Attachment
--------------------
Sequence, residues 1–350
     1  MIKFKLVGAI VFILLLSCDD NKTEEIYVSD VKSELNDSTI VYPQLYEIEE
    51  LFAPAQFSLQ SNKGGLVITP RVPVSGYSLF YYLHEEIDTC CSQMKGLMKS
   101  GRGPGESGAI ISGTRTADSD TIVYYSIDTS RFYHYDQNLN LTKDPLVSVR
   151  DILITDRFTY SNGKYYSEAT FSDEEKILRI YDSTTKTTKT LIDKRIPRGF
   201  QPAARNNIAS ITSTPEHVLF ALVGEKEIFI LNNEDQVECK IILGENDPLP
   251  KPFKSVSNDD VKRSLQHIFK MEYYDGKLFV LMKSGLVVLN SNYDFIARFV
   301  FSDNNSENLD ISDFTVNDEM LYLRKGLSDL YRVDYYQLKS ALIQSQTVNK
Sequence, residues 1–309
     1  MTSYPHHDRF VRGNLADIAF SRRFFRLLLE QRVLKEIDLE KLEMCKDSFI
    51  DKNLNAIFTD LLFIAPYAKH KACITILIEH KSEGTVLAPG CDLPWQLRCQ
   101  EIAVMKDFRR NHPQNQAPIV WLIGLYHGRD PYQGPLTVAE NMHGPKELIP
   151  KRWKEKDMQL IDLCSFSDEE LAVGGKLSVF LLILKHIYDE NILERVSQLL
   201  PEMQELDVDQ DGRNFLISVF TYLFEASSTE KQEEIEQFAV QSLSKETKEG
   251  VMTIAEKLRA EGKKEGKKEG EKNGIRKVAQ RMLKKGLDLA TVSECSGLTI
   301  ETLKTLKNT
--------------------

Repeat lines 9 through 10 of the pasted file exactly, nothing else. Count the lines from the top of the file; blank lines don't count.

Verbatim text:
Sequence, residues 1–309
     1  MTSYPHHDRF VRGNLADIAF SRRFFRLLLE QRVLKEIDLE KLEMCKDSFI